24 hours in Lhasa

Louise Southerden mixes with monks and pilgrims in the breathtaking heart of Tibetan Buddhism.

Yak-butter lamps, murmuring monks, prayer wheels, prostrating pilgrims - you don't have to be interested in Buddhism to visit Lhasa, the capital of the Tibetan Autonomous Region, but it helps.

Buddhist temples and rituals, monks and monasteries occupy a central place in the lives of most Tibetans. That's not all there is to Lhasa, of course. Fifty years of Chinese government has brought much development, for one thing: new roads, the railway from Beijing, new rules. Still, Lhasa retains its essential Tibetan-ness, especially in the quarter called the Barkhor. Base yourself here and there's a good chance you'll feel the beating heart of Tibet.


Rising at this hour means getting up in the dark, even in summer - China has only one time zone and Lhasa is more than 4000 kilometres west of Beijing - but it's worth it because this is when the city is most alive. After breakfast (the aptly named Snowland Restaurant has great pancakes), join the procession of pilgrims walking clockwise around the Potala Palace on a half-hour pilgrimage circuit called a kora.

Snowland Restaurant, next to Snowland Hotel on Zangyiyuan Road in the Barkhor.


Two things can take your breath away in Lhasa: the altitude (it's 3600 metres above sea level) and the Potala. Situated on a hill overlooking the Barkhor, it has an imposing presence - and a lot of steps (about 300). Once a self-contained world, with chapels, schools, tombs, even jails, the Potala is now an enormous 13-storey museum comprising a White Palace (where Dalai Lamas once lived and received visitors) and a Red Palace (containing the elaborate tombs of the fifth to the 13th Dalai Lamas). Because it's so popular, only 2300 tickets are issued daily so a time slot must be booked the day before by your guide. Security is tight, too, and photography inside is forbidden.

Potala Palace, Beijing Donglu (Beijing East Road), entry 100 yuan ($16), open 9am-3.30pm.



After seeing what was once the Dalai Lama's winter palace, it makes sense to visit his summer one: Norbulingka, a short drive west of the Potala. The current 14th Dalai Lama lived here until 1959; it is the place from which he fled, disguised as a Chinese soldier, to begin his life in exile on the other side of the Himalayas, in Dharamsala, northern India. It's also where you'll find the only remaining picture of him in Lhasa: a painting in a dimly lit corner (images of His Holiness are banned in Tibet). Unlike the Potala, Norbulingka looks eerily familiar. It's a two-storey house with chrysanthemums lining the garden path, 1950s furnishings and bathroom fittings, even a radio. There used to be wild deer and a zoo in the grounds; now there's a pond inhabited by ducks bought in the market and released here by locals.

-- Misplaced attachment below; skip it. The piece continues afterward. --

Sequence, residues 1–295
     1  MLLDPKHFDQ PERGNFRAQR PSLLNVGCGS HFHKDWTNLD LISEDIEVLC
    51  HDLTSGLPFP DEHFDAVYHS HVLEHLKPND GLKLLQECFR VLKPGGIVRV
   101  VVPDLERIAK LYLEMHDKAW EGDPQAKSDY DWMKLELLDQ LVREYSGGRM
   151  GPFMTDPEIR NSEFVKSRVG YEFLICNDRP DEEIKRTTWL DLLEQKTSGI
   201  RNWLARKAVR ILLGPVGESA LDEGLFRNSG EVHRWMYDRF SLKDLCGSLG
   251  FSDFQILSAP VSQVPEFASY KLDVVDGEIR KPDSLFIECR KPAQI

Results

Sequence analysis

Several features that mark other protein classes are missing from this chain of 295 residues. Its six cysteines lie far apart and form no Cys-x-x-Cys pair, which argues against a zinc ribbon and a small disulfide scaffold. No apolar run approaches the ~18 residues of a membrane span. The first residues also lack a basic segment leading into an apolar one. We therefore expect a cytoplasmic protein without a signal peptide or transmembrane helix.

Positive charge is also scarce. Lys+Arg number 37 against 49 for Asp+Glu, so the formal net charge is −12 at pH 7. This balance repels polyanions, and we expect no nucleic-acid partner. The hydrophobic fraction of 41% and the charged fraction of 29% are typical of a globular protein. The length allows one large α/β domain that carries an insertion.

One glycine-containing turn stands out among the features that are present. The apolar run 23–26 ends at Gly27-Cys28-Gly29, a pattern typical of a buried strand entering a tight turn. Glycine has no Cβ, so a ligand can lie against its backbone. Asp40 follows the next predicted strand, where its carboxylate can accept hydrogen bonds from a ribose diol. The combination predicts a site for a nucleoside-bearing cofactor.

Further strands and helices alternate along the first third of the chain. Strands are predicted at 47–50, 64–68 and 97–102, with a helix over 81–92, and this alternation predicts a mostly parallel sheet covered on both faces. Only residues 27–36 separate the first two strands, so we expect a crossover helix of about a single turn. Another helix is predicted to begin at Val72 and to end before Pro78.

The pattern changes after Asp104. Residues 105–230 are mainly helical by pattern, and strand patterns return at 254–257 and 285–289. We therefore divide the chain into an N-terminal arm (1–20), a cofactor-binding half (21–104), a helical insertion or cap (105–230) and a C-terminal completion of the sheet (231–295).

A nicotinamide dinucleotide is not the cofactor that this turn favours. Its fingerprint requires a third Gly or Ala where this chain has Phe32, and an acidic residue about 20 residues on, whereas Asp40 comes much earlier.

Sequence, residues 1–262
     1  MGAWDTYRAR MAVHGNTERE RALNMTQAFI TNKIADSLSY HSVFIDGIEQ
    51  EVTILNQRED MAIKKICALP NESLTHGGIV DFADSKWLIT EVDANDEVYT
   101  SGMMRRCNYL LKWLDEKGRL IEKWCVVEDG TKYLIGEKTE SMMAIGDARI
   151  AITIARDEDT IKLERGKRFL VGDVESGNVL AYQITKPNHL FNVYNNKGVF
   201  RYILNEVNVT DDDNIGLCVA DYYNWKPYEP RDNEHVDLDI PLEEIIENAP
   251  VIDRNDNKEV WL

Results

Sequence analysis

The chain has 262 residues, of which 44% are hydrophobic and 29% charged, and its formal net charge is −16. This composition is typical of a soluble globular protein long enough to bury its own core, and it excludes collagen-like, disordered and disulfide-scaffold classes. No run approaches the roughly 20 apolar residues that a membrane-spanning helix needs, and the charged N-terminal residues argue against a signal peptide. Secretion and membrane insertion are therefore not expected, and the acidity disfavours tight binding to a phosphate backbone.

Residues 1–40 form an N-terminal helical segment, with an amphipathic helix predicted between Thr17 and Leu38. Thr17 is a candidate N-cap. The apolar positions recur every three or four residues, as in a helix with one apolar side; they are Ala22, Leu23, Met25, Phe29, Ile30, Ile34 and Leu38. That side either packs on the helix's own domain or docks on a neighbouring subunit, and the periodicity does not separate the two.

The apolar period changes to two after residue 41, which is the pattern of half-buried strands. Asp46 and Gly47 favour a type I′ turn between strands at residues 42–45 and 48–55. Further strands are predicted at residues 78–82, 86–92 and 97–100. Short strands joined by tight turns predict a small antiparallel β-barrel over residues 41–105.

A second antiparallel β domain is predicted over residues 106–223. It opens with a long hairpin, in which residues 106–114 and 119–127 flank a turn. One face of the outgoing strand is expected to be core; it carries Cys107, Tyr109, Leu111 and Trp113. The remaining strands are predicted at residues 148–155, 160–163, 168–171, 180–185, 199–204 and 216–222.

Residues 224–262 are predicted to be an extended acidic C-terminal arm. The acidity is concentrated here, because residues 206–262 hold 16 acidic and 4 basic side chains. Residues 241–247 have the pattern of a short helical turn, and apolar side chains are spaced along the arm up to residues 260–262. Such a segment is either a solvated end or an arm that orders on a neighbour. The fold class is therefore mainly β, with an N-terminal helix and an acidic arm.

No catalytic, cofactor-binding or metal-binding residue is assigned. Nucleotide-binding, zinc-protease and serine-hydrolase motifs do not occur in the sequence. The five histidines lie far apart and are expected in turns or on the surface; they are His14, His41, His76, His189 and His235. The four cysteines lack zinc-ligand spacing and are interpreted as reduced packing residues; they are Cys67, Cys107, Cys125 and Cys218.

Norbulingka, Norbulingka Road, entry 60 yuan, open 9am-6.30pm.


Tibetan offices and shops often close for long lunches but there are plenty of tourist-friendly restaurants that stay open, such as Tibet Steak House, which serves sandwiches and pizzas if you don't fancy yak steak (there are yak pizzas if you want to compromise).

Tibet Steak House, 49 Middle Beijing Road, open 8am-10.30pm.


Lhasa's two great Gelugpa monasteries (Gelugpa is the "yellow hat" sect of Tibetan Buddhism), named Sera and Drepung, are both worth visiting. Sera, built in 1419 and five kilometres north of the city, is best in the afternoon, when you can see Buddhist monks debating. Pop in to a chapel or two, such as Yamantaka, where parents bring their children to be blessed by a horse-headed Buddha. Then wander to the shady courtyard where you'll see 20 or 30 pairs of maroon-robed monks: one monk stands, firing existential questions; the other monk, seated, tries to answer them. It's all in Tibetan, so it's like watching a foreign-language movie without subtitles, but it's energetic and fun.

Sera Monastery, entry 55 yuan, open 9am-5pm, debating is on weekdays 3-5pm.